Not at all .. but this is where actual exegesis comes into play. It admittedly is hard work to work through the passages in depth. But it is rewarding. When the texts are actually exegeted, the pretrib position becomes very clear.

    You brought your posttrib presupposition to the text. Go back and look at why you brought it up. You brought it up to prove a posttrib position. That is, by definition, bringing your presupposition to the text. You assumed what it said. You didn't prove it by any means.

    On this you are correct. The historical grammatical hermeneutic doesn't support any eisegetical dispensationalism. It does however support biblica dispensationalism and since that is what I hold to, you assertion has not relevance to me.
    </font>[/QUOTE]Larry's answer is so befuddled it hurts to read it.

    2 Thess. 1:6-10 was written to the church at Thessalonica and has relevance to the church at large. The church finds relief from trials when Christ appears in blazing fire with his powerful angels. This is clearly, from the text, not the rapture Larry holds to. On this issue, case closed. Larry has nothing to offer in defense of his position.

    Where does Jesus address the nation of Israel in Matthew 24? Larry "seems" to think that it does. But the text is clear. He is addressing his disciples, the founders of the church who are to fulfill the Great Commission. On this issue, case closed. Larry has nothing to offer in defense of his position.

    The Day of the Lord does not include the tribulation. The disciples would know about the prophecy of Zechariah 14. Zechariah clearly teaches that the Day of the Lord begins at Armageddon, when he gathers "all the nations to Jerusalem to fight against it" (v. 2) and the "LORD will go out and fight against those nations" (v. 3) and "on that day his feet will stand on the Mount of Olives" (v. 4). Once again, the Bible is clear. The Day of the Lord begins at the return of Christ to earth! On this issue, case closed. Larry has nothing to offer in defense of his position.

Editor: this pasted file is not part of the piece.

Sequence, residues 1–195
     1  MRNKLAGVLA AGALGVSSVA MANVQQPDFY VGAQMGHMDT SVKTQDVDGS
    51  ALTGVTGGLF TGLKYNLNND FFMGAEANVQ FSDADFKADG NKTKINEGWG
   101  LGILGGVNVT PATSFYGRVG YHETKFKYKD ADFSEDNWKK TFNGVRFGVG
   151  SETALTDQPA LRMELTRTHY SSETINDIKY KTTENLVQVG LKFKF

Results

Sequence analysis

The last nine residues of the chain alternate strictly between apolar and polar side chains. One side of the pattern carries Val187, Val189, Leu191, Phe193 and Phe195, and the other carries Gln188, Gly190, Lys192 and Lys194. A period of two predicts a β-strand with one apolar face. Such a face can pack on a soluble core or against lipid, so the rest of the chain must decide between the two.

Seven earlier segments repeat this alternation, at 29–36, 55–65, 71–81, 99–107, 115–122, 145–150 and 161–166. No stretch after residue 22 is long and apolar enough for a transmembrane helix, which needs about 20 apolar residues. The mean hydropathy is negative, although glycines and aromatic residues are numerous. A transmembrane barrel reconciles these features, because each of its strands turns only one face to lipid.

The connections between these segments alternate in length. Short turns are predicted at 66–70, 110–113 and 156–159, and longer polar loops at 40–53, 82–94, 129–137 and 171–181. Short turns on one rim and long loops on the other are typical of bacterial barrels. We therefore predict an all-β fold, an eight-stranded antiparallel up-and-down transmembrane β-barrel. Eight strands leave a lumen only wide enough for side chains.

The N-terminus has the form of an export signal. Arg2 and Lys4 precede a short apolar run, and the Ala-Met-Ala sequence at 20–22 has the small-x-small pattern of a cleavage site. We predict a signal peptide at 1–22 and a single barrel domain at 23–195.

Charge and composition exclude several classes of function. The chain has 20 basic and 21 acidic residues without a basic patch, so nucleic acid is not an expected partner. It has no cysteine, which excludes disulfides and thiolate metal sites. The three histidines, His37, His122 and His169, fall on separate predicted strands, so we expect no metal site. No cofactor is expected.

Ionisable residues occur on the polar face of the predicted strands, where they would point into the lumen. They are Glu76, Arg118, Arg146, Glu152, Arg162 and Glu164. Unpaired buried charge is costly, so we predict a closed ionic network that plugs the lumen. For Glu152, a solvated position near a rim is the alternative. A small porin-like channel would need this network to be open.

The Thessalonian church is confused because someone is telling them that the day of the Lord has already come. Paul reminds them that the day of the Lord cannot come until after the lawless one is revealed. He reminds them that the day of the Lord cannot come until they are gathered to Christ and he returns to earth to destroy the lawless one by the splendor of his coming and the breath of his mouth! Obviously, these folks had not yet been gathered to Christ, therefore his coming to destroy the lawless one could not have taken place. On this issue, case closed. Larry has nothing to offer in defense of his position.

    The historical-grammatical "literal" hermeuntic so thoroughly refutes Larry's eisegetical dispenstaionalism that it hurts to watch him try to defend his views. Larry then accuses those who actually teach a passage of Scripture literally with having a presupposition.

    The text says what it says. No interpretation on my part. I'm just letting the text speak for itself. Something Larry cannot do, because his position doesn't square with the literal, historical-grammatical hermeneutic he claims he holds to.

    [ June 27, 2005, 03:19 PM: Message edited by: Paul33 ]
     
  4. DeafPosttrib

    DeafPosttrib New Member

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    Larry,

    You saying, Matthew 24 seems apply to nation of Israel, not Church. That is what many pretribs teaching today.